In a perfect world, contracts are the perfect resource of responsibility – all details, regardless of significance, would be squared away and everyone would have a perfect understanding of what exactly is expected in their role. Unfortunately, this is not the case, and modifications are frequent. Modifications, technically known as change orders, are a common occurrence in the contract world, especially when things are being built. Despite going over all the details before signing, there will be at least one specification that needs to be added or modified.
The fact is that change orders happen regularly, and often represent a cost variation of at least 10 percent. They can result from someone forgetting a piece of information, undesired/unexpected results, or from new decisions made after the project has started. Most contract managers don’t try to avoid these issues; instead they plan for them and build in contingencies, where possible, to limit their negative effects on the completion of a project.
Particularly in construction projects there are going to be what are known as concealed situations. These situations involve factors that were not known at the time of the contract drafting, but have to be dealt with to allow the project to finish. These items aren’t any particular party’s fault; they exist and adjustments have to be made. To anticipate these problems, many smart contract writers will build in a clause for dealing with unforeseen issues that could occur. This provides a pre-determined plan on approaching these concealed situations, should they occur.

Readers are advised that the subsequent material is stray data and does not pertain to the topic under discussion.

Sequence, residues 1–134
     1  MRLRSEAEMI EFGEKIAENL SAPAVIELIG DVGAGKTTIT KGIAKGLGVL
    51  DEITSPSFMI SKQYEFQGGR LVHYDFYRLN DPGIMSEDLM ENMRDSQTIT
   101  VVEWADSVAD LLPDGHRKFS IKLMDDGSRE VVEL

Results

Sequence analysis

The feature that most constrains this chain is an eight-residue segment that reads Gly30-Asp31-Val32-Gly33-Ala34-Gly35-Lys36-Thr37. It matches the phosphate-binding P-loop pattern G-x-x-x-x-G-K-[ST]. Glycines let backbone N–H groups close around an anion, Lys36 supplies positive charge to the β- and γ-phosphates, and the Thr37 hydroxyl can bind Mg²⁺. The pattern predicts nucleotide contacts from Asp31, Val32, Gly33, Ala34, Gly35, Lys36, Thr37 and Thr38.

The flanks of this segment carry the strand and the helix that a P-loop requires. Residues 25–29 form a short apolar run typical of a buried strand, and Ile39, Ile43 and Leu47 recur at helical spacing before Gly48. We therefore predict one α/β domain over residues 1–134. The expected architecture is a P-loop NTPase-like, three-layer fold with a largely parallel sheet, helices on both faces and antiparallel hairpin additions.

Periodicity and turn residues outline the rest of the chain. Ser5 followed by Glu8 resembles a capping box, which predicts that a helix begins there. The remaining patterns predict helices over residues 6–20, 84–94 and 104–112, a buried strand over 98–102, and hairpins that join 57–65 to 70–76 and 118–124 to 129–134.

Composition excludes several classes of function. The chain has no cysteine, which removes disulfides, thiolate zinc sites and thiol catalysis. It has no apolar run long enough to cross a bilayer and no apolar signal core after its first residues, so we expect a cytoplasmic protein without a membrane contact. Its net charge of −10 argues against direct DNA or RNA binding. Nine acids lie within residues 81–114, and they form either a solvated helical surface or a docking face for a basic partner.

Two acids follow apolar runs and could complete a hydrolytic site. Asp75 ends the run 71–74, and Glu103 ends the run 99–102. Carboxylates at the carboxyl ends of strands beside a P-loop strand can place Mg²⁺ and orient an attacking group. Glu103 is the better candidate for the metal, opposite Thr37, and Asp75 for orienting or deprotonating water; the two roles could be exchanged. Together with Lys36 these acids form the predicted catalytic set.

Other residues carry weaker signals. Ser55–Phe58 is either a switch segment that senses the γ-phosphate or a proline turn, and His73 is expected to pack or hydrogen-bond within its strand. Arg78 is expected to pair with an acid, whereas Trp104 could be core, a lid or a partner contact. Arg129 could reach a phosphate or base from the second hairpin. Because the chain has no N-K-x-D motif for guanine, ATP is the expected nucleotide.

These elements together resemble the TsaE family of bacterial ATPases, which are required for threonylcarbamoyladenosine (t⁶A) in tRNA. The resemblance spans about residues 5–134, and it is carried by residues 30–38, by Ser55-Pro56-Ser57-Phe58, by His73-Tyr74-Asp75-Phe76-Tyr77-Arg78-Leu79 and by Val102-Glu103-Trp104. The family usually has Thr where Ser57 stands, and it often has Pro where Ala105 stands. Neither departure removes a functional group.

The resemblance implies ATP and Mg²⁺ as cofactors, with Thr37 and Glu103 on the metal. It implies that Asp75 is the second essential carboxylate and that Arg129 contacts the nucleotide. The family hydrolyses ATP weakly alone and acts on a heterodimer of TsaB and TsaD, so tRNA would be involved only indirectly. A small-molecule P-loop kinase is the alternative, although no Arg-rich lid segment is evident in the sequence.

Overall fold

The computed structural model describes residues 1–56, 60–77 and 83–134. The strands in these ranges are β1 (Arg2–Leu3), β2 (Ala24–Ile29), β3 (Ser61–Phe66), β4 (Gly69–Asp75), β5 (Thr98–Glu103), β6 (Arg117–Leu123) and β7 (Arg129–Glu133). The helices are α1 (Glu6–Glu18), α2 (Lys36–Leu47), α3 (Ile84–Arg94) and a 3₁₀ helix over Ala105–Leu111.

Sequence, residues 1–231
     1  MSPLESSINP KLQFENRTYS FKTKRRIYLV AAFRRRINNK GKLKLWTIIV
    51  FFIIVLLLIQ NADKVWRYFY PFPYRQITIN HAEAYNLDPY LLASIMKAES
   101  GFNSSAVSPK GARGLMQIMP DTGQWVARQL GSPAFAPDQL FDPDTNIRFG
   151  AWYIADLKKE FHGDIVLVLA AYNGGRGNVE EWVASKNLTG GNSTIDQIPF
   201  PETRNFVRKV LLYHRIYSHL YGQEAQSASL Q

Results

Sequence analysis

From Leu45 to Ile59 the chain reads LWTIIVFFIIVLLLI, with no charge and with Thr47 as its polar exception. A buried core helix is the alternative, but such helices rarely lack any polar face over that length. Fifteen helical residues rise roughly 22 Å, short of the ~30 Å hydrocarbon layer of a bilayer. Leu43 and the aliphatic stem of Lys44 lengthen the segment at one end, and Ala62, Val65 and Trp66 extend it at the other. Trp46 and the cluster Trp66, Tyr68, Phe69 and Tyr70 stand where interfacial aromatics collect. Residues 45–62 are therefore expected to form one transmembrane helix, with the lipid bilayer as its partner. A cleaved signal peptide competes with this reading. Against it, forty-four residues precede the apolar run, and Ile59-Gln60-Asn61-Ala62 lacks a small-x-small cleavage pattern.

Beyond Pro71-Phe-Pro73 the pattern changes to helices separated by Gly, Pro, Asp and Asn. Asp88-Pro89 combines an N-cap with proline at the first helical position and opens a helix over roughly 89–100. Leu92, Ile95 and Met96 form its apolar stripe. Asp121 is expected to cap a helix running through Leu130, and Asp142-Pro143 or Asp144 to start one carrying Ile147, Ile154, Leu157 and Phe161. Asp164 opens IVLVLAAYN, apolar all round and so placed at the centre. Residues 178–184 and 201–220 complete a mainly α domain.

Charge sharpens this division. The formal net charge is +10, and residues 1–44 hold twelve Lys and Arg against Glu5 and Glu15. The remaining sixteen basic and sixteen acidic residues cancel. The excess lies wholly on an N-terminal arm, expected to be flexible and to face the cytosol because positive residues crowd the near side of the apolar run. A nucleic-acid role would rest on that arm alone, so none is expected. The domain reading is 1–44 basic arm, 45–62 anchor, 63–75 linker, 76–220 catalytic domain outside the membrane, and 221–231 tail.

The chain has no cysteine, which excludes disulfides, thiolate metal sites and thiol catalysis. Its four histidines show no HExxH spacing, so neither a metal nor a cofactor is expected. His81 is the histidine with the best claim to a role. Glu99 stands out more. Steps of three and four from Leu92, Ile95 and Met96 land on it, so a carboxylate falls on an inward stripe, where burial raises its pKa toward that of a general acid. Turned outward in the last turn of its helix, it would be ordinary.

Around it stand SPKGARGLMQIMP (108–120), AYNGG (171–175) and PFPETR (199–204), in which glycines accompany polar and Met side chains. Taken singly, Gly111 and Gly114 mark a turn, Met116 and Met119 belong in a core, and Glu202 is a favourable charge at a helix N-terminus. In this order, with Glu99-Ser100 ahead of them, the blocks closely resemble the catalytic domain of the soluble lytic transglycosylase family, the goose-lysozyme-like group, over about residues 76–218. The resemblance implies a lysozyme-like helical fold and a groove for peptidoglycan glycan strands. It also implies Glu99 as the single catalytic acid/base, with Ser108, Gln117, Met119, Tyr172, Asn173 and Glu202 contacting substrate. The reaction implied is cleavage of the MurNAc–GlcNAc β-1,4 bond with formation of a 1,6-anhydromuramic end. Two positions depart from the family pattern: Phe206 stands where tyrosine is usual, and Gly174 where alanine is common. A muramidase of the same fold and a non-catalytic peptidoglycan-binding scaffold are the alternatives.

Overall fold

Detailing alternatives for solution approaches can be another form of contingency planning. Rather than waiting for a problem to occur and then trying to figure out a plan, a contract with proactive options could have a detailed alternative approach already built in. When the catalyst occurs, the parties know how to respond and the costs are already agreed to.
Allowances to budget contract costs and expectations provide a third method of contingency planning. Under this approach no specific details are planned ahead of time. Instead, the contract deadlines, funding and deliverables are adjusted to allow for changes to occur and still stay within the scope of the contract. Some contracts assume issues will happen and instead provide bonuses if the agreement is completed earlier than anticipated. This approach is common in municipal projects, such as bridge or highway building.
Change orders can also be controlled by improved accounting systems that track overruns under project control monitoring. This approach, combined with allowances, can help avoid formal change orders and keep a project within overall scope and delivery.